Lifters, Leaners and Vaccination: The ‘Free Riders’ of Herd Immunity

The US roll-out of COVID-19 vaccines from late 2020, known as Operation Warp Speed, will be the most rapid distribution of vaccines in history. Despite this monumental effort, effectiveness or ‘herd immunity’ hinges on the United States and other heavily impacted nations achieving a vaccination rate of somewhere between 60 per cent and 90 per cent. This is a challenge when we consider that December 2020 polls indicated that over 50 per cent of Americans are likely to refuse the vaccine when it becomes available. With less than half of the population vaccinated, population-level or herd immunity will not be achieved, leaving at-risk members of the community vulnerable.

Despite the global effort by scientists to produce vaccines for COVID-19, public acceptance is likely to be inhibited by a significant body of objectors. The success of vaccinations on debilitating illnesses such as polio, tetanus, whooping cough and measles has been their curse. With numerous once-devastating diseases effectively eliminated from the public psyche, a small minority of the population has gained traction in discrediting vaccination efficacy and safety.

Objections to vaccinations stem from two primary sources: religion and misinformation. Despite a lack of anti-vaccine sentiment in the majority of religious teachings, experts increasingly find ‘religious reasons’ cited to avoid the jab. However, this increase could be tied to falsehoods rather than faith. Despite the scientific community’s almost unanimous consensus on the benefit of vaccines, anti-vaccine sentiment permeates much of American culture, as well as Australian culture. Decades of circulating misinformation have resulted in a growing distrust of experts. Self-proclaimed authorities, including American actress Jenny McCarthy, strike fear into the hearts of parents with their anti-vaccine rhetoric. This is supported by popular talk-show hosts, including Oprah Winfrey, who have lent significant credence to the movement.

Ironically, anti-vaccine sentiment partly originated within the scientific community. Former British medical professional Andrew Wakefield provided support to a previously debunked claim of a connection between the measles, mumps, and rubella (MMR) vaccine and development of autism in young children. This causal association was later disproved by multiple subsequent studies and Wakefield’s research methods drew criticism for their flawed and unethical nature. Wakefield’s conflicts of interest were also revealed: he had received undisclosed funding from litigants against vaccine manufacturers. For these reasons, Wakefield’s paper was retracted, and he was barred from practising medicine in the United Kingdom. In the history of scientific investigation, no credible link between neurological disorders (e.g. autism) and vaccination has been identified.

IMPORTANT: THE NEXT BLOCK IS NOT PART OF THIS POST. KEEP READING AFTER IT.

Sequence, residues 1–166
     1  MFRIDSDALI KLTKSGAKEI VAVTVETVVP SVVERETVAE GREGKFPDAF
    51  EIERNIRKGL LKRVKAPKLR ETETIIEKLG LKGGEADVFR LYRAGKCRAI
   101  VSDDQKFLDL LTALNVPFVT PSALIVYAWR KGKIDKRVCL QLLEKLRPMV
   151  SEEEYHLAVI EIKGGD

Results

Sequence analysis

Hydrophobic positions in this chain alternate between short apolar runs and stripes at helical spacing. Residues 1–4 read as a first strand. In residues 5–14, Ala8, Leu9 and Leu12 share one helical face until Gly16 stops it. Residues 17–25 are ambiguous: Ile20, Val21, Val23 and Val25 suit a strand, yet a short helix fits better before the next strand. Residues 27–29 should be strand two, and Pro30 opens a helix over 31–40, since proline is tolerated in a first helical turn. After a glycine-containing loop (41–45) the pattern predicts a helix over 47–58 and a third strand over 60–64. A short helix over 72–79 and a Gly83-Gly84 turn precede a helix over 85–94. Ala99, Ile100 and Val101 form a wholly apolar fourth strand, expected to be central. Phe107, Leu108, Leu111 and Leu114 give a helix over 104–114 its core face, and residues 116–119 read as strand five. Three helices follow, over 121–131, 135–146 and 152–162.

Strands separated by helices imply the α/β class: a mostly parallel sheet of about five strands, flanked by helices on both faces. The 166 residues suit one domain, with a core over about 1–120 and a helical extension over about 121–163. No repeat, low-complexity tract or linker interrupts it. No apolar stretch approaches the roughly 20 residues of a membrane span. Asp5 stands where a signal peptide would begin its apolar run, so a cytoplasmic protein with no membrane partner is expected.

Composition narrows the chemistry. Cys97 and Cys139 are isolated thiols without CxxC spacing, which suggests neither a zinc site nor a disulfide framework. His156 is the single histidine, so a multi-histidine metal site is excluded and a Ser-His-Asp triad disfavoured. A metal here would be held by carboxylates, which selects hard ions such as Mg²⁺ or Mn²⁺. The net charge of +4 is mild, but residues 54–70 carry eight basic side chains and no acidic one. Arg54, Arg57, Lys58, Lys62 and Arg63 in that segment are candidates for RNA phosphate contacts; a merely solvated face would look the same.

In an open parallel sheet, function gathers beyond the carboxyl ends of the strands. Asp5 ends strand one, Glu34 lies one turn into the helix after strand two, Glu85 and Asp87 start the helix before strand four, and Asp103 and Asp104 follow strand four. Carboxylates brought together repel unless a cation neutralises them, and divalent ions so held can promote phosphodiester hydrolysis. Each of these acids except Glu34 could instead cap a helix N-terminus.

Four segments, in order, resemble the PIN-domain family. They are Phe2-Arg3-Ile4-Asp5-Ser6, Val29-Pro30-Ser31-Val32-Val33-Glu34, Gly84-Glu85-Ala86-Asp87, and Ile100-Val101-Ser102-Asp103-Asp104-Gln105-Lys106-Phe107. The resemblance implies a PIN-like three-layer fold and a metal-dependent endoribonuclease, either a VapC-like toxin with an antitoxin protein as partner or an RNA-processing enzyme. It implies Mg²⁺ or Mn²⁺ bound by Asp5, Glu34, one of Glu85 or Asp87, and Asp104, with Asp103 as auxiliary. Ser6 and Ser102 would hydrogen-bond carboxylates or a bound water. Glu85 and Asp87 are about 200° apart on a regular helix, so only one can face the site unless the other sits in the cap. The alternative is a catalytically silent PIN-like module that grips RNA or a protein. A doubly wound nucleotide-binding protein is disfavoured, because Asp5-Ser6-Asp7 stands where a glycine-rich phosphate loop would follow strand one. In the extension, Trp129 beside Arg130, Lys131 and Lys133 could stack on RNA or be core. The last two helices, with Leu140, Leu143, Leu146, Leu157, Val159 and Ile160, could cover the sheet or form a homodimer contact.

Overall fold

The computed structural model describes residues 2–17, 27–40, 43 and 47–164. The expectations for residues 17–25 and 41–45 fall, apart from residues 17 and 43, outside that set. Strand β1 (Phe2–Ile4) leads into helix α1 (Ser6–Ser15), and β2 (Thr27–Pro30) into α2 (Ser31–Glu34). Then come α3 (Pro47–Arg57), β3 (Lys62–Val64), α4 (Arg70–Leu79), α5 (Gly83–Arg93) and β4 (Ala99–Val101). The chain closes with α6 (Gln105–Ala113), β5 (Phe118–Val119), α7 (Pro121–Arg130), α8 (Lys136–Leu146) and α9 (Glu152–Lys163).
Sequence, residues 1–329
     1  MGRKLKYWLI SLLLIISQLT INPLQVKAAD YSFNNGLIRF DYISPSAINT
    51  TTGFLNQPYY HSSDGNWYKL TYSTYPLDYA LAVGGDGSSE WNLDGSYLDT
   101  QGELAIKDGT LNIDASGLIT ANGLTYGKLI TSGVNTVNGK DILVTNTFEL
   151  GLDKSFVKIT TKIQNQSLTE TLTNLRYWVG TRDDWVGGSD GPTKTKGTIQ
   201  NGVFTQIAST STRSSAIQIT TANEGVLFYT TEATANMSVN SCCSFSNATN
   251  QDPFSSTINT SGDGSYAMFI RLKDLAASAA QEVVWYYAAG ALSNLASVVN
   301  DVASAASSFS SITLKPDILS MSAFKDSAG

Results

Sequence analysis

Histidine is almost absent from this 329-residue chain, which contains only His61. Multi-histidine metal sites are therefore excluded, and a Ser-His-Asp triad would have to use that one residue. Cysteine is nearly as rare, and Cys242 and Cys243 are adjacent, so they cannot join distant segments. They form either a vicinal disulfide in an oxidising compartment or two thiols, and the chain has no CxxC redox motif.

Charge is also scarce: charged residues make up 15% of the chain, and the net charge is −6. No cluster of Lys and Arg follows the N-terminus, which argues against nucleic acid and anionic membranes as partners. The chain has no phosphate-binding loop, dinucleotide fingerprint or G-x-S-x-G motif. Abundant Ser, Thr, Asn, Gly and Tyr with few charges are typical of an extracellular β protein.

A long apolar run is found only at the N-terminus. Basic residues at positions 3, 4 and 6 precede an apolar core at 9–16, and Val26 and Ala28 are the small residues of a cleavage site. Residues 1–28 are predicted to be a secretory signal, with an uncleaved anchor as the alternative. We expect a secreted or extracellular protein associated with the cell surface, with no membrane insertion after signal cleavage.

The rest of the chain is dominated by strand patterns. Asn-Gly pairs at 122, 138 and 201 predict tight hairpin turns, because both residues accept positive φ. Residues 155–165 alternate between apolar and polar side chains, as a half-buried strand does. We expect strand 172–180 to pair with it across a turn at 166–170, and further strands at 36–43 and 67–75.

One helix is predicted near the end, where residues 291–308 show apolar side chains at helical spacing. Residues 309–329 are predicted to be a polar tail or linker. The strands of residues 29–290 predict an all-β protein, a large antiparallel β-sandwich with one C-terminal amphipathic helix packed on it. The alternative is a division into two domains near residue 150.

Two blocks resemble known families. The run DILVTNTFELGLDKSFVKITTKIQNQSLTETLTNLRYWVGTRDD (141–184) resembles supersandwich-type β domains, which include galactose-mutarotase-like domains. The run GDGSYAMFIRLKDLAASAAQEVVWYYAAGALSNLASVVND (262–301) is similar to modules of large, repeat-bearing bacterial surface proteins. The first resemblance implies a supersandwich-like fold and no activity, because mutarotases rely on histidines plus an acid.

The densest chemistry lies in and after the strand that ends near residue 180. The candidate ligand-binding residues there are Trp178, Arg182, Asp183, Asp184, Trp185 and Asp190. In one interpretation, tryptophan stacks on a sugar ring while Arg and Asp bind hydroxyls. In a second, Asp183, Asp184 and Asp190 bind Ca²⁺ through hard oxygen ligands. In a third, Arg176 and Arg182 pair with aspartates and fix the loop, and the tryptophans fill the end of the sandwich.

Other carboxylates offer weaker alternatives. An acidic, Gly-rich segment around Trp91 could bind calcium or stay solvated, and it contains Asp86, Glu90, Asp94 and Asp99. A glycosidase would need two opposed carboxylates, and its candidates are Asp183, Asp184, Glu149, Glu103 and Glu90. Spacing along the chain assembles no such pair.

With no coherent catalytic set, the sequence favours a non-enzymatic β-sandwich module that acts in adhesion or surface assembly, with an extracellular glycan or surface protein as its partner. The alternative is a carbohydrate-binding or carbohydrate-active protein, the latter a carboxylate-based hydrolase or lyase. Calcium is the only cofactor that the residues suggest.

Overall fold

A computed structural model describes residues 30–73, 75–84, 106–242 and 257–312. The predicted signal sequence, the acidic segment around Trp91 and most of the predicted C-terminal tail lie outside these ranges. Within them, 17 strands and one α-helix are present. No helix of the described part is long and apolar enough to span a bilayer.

In a world where truth is seldom more interesting than the latest conspiracy theory, anti-vaccine rhetoric has readily slithered its way into public opinion and sunk its fangs in deep. In the present environment, it is unsurprising that even those who eschew the ‘anti-vaxer’ label express fear and mistrust of the COVID-19 vaccine. Emphasis on the speed of development in the media suggests that the vaccine may not have been thoroughly evaluated. The years of research into similar coronaviruses or into novel vaccine manufacturing strategies are seldom mentioned. Although the development of a COVID-19 vaccine broke records for speed, never before have virtually limitless financial and scientific resources suddenly been made available. Medical research focused on anything other than therapeutics and vaccines against COVID-19 all but ceased, as scientists across the globe pivoted their efforts to the greatest worldwide effort in modern medical history. Regulatory red tape is as sticky as ever, but this is not effectively communicated through phrases like ‘Operation Warp Speed’ and ‘emergency approval’, or when the speed of vaccine progression through regulatory bodies is lauded. Couple this phenomenon to the generalised sense of vaccine distrust and it is unsurprising that a high percentage of the population wishes to avoid the COVID-19 vaccine, especially if they are ‘not in a high-risk group’. Too many young, healthy people earning a steady income throughout the pandemic have let these words fall from their lips.

Ironically, a large proportion of vaccine sceptics and/or those who plan to refuse the COVID-19 vaccine invoke an anti-establishment, libertarian view where individuals distinguish themselves by their ability to achieve upward social mobility and improved standards of living through hard work and calculated risk-taking. To put it simply, Republicans are less likely than Democrats to accept a COVID-19 vaccine. Indeed, 39 per cent of self-identified Trump supporters indicated that they would never obtain a COVID-19 vaccine, suggesting that some Americans view the vaccine as a political statement rather than a critical health choice.